It's kind of a pisser.  I knew that going in though.  I wasn't looking for all roses and in the end, if I give this thing a shot, a real shot for a period of time and it doesn't happen, then fine.  I'm not about to let that "What if?" question rule my subconscious so I'll just have to put the time in and keep it all in perspective to the best of my ability.  

Would I like to be top five quality right now.. in some ways yes, but honestly, in some ways no too.  I don't know if would appreciate it as much if it happened that way.  I'd like to have to work for it, train for it, grind away at it a bit.  I'd like to Charisa Wernick it.  Yep, I'm making that a verb.   For those of you who don't know her, she's talented of course, but she's put in the time.  She's had an exceptional attitude about this process and one I would like to emulate regardless of the outcome.  In 2010 we both did Ironman Cozumel and she didn't have a race up to her capabilities to end her first rookie season.  She never wavered.  She didn't give up and say she just wasn't cut out to be a pro, she put her head down and she worked for the last year and a half.  Now, at Ironman Texas this past weekend, she placed a hard fought 5th place with a 59 swim, 5:07 bike and 3:16 marathon.  KILLED IT (and still wasn't completely satisfied by the way- but we are all like that!).  It was simply amazing to see that happen over the last years.  

So, even though I don't want to be patient (AT ALL), I guess I will..  I'll do my best to look at big picture and enjoy the journey along the way.   That's all we can do folks.  Race results aren't nearly enough to sustain us, it has to be for something more.  Without something more, we will never have the patience and fortitude to keep moving forward when ever single thing is pointing at the fact that we should hang it up and move on to something else. 

If I get grumpy, remind me of this post ok.. and I'll keep reading the quotes below, and we'll all be just fine in the end.  

Patience is cultivated in the storms of your own heart and mind.

Patience is woven into the web of the universe because this universe reflects--in dim and fractured ways--the divine patience of its creator.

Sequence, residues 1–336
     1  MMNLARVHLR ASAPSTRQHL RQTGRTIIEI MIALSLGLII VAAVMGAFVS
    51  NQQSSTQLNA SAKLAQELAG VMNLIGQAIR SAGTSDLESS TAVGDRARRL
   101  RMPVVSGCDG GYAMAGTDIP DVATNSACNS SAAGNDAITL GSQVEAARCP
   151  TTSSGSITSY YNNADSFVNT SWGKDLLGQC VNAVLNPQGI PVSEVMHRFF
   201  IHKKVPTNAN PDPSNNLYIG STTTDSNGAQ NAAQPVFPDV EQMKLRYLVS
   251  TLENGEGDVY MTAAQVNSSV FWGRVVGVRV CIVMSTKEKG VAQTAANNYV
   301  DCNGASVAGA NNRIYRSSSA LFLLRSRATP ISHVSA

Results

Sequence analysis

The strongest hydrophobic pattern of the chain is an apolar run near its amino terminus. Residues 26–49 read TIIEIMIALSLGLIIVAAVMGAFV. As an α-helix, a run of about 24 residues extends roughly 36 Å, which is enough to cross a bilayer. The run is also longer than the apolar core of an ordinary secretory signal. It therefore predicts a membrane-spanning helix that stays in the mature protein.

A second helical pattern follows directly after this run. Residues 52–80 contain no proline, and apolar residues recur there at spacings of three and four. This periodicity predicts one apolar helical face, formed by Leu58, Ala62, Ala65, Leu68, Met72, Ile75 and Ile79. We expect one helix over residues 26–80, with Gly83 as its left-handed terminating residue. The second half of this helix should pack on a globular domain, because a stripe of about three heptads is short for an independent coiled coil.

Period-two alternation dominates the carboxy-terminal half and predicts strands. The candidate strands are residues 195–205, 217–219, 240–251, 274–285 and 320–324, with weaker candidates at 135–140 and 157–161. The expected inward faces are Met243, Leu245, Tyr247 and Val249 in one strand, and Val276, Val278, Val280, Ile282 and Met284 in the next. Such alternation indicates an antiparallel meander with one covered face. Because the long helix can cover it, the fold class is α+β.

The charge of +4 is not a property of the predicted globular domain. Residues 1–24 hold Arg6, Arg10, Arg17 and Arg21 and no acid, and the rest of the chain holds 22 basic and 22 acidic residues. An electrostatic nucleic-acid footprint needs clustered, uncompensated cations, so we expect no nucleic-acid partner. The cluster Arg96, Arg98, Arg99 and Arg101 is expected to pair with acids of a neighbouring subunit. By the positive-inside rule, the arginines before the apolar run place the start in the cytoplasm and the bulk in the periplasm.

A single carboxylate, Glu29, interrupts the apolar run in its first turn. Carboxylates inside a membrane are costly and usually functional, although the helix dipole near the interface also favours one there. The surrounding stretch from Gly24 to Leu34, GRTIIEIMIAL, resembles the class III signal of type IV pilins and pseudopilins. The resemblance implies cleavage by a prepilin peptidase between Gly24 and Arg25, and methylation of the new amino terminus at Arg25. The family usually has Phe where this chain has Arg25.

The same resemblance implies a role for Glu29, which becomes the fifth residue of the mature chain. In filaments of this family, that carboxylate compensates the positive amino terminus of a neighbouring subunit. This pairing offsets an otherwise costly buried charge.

SAMUEL WELLS, "Good Earth," Christian Ethics

Patience is the ballast of the soul, that will keep it from rolling and tumbling in the greatest storms: and he, that will venture out without this to make him sail even and steady will certainly make shipwreck, and drown himself; first, in the cares and sorrows of this world; and, then, in perdition.

The strongest of all warriors are these two -- Time and Patience.


Steve said...

I like the update Kim. You have a real silent voice when you blog, which I love.

Best of luck. :)

Christi said...

Patience is not my strong suit either. I can be patient in my car, at the grocery store or the dentist but.... if it has anything to do with my life and what I want. Forget it!

So I guess, I will also take this post and use it. Together we can get patience. So let's rock it my dear!

FYI, I think you are a great athlete and will be rocking the pro circuit in no time!

Katie said...

Great post, Kim. It's so hard to be patient, but you see someone like Charisa and YOU and know it'll all pay off in the end.

Heidi Austin, PT, DPT said...

if anyone can do it--- you can! xoxox your biggest fan :)

ADC said...

That is definitely a great attitude.

Damie said...

LOL! I always think of Charisa too! She definitely started from the basics and just kept at it- super inspiring. Keep at it!!! :)